These headphones are a little bit heavier than your average headphones. That was really important because heft conveys quality and durability, yet we've been able to synthesize the blend of weight, heft and materials and not compromise comfort. You have to persevere. You can do it, but you have to want that excellence without compromising.

    The Master & Dynamic headphones are more that just good design, they sound really good, too. Was sound quality something that, along with design, you weren't willing to compromise on from the beginning?

    To produce a premium headphone and not have it sound great, that would be a miss. Usually when headphones are good looking, they don't sound great. And usually when something sounds really great, it's not good looking. Nothing you really want to wear outside your home or office. We're able to thread that needle.

    We had to have the right sound quality. We're not in the sound production business, we're in the sound reproduction business. We want that music to sound the same as that artist intended it to be. We don't want to to tweak and change things. I think that's why people refer to our sound profile as genre neutral, which is exactly what we want it to be.

    This year, your first wireless headphones were introduced. What are the challenges in going from a wired headphone to a wireless set?

    The null hypothesis in the industry is that you can never create wirelessly what you can wired. There are still people who have an aversion to wireless. For us, just like we didn't want to do the noise cancellation because we didn't want to degrade the music quality, when we went to wireless, we didn't want to do anything to compromise our coveted sound profile.

    The other thing is we didn't want to compromise our materials and design aesthetic. The product teams in the US and Asia worked together to come up with the best solution. We don't look at what other people are doing, which I think is important. We do what is right for us. I think that's why we're surprising people. As a new company, we come up with our own unique solutions.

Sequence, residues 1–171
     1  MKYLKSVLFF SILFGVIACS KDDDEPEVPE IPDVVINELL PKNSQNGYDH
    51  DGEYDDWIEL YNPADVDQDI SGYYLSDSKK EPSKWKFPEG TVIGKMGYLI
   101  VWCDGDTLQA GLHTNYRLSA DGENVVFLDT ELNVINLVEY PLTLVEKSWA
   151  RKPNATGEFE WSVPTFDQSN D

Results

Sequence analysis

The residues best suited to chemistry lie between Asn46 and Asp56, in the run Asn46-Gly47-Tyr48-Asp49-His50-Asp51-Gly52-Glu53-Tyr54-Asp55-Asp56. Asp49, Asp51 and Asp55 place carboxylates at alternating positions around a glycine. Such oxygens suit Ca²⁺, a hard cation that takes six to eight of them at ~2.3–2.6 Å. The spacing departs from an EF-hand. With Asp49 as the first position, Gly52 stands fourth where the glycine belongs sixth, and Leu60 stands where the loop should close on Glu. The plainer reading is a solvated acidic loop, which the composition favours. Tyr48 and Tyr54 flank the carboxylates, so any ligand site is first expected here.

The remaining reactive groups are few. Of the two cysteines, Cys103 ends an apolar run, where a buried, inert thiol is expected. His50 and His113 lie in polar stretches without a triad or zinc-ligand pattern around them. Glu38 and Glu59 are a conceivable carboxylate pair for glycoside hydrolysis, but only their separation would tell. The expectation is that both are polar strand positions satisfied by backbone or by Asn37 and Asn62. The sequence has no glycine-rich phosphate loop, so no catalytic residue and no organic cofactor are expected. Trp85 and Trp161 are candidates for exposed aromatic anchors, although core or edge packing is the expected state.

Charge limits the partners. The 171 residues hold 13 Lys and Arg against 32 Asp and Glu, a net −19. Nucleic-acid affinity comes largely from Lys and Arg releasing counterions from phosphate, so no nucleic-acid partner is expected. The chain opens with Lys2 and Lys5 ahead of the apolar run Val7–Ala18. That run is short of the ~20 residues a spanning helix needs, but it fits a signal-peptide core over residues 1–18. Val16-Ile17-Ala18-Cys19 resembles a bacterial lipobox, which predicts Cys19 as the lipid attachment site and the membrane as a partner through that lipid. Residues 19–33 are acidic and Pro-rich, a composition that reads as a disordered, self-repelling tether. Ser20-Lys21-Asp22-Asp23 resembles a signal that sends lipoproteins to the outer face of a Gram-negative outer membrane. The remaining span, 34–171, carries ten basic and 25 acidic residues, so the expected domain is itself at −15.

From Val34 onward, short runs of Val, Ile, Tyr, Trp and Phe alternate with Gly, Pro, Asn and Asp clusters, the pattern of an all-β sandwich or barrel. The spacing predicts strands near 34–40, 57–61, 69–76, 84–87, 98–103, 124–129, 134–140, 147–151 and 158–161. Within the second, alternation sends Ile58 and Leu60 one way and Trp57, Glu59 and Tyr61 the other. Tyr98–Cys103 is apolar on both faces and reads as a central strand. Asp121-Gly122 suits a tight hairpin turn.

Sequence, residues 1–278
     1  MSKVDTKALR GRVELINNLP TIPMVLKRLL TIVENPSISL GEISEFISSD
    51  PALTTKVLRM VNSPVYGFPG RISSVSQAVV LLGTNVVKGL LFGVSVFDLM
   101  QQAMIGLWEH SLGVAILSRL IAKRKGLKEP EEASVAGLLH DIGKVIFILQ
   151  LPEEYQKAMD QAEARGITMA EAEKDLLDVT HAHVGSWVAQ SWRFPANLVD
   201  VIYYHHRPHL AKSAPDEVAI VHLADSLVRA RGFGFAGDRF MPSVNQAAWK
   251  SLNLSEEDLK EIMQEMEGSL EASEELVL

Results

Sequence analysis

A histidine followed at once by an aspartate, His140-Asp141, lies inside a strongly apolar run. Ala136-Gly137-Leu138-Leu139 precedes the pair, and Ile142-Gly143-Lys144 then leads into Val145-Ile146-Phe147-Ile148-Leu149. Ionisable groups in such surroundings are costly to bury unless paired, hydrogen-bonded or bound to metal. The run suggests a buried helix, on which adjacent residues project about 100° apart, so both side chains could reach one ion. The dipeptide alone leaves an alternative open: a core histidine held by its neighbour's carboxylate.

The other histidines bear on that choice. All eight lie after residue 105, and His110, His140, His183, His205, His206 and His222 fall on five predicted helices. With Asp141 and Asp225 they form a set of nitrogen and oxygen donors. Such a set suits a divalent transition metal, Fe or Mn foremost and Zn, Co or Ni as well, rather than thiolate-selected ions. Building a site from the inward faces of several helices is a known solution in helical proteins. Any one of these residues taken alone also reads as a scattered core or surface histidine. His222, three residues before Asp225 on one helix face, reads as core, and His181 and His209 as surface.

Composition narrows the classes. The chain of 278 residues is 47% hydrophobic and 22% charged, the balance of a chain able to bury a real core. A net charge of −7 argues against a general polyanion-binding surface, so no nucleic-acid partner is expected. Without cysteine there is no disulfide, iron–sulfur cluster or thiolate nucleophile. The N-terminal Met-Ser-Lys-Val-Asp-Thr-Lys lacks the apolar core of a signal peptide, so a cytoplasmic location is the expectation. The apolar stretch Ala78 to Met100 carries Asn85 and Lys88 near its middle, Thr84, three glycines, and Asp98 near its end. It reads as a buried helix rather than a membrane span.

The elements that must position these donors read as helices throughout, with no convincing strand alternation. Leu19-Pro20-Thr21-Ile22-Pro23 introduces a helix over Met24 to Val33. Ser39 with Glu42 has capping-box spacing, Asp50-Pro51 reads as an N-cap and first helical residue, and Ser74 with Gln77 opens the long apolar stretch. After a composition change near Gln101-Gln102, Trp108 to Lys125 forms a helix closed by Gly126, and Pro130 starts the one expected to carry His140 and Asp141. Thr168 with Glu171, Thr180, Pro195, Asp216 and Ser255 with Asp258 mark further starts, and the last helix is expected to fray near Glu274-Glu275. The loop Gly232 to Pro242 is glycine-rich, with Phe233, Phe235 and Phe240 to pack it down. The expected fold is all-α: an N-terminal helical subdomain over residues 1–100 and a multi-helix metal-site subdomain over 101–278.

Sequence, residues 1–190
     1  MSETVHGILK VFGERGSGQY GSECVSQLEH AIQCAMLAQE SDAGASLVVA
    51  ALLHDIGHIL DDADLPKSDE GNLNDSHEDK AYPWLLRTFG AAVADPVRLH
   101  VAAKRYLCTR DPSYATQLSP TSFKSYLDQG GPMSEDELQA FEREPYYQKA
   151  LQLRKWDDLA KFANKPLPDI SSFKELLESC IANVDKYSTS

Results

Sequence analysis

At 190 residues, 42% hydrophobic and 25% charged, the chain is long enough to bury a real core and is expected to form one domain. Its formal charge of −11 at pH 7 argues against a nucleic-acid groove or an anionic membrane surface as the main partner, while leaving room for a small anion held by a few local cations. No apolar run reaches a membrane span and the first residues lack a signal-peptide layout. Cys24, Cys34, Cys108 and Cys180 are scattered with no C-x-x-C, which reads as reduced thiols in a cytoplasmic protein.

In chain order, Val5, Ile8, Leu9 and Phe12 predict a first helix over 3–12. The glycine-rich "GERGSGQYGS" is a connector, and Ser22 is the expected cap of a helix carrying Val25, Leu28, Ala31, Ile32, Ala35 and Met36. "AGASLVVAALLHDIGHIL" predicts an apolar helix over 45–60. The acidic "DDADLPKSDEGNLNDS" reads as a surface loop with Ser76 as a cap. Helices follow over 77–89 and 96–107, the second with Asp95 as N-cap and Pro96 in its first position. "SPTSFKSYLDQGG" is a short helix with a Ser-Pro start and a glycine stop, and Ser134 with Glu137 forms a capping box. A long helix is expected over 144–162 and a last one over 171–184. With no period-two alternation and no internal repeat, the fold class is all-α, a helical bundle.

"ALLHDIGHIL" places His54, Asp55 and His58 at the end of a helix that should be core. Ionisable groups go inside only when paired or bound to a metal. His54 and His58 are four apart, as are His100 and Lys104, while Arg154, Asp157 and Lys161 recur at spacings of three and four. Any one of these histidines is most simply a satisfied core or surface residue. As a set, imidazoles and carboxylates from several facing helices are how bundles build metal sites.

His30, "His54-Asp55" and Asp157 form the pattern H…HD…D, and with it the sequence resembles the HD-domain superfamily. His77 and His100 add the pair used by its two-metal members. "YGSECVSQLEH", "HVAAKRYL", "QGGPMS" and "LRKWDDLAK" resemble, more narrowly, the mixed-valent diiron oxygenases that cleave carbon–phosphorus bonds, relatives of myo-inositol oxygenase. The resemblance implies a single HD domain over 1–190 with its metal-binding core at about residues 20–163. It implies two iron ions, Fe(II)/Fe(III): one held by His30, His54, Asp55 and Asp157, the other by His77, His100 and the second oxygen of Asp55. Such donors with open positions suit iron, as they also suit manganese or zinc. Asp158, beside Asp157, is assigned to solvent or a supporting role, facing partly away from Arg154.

For someone who is unfamiliar with Master & Dynamic, what product would you suggest they start with as an introduction to what you're all about?

    That's tough. I'd have to go back to the MH40. It's not our least expensive product, but it's what people would call our flagship. It's iconic in terms of design and it's great in terms of comfort and sound quality, so that's where I would direct people.

    Our in-ears are great for people who don't have a lot of money to spend. Those are pretty spectacular, and again, will last a really long time. That's most important. You don't have to replace these things every six months, but it's something you can use for years. But always get a stand. Make sure you get a stand.

    Lastly, are there any big plans for 2016 that you're willing to share?

    I think people think that wireless is the future, but for a product like ours, there's still a percentage of people that want wired because of the way we do it. We will definitely be introducing more wireless products — on-ears, in-ears, things like that — in 2016. And we'll see where we go from there.

    This interview has been condensed and edited.

    A tech writer by day and a graphic designer by night, he was ushered in to the gadget world by an Atari and its vices: Frogger and Grand Prix. Little did he know that this was training for the undefeated seasons he would string together in NCAA Football (RIP). He covers the audio beat, spanning everything from headphones to streaming. He's also a Cheez-It expert.
    Shares
    Share
    Tweet
    Share
    Save
    Comments

    From around the web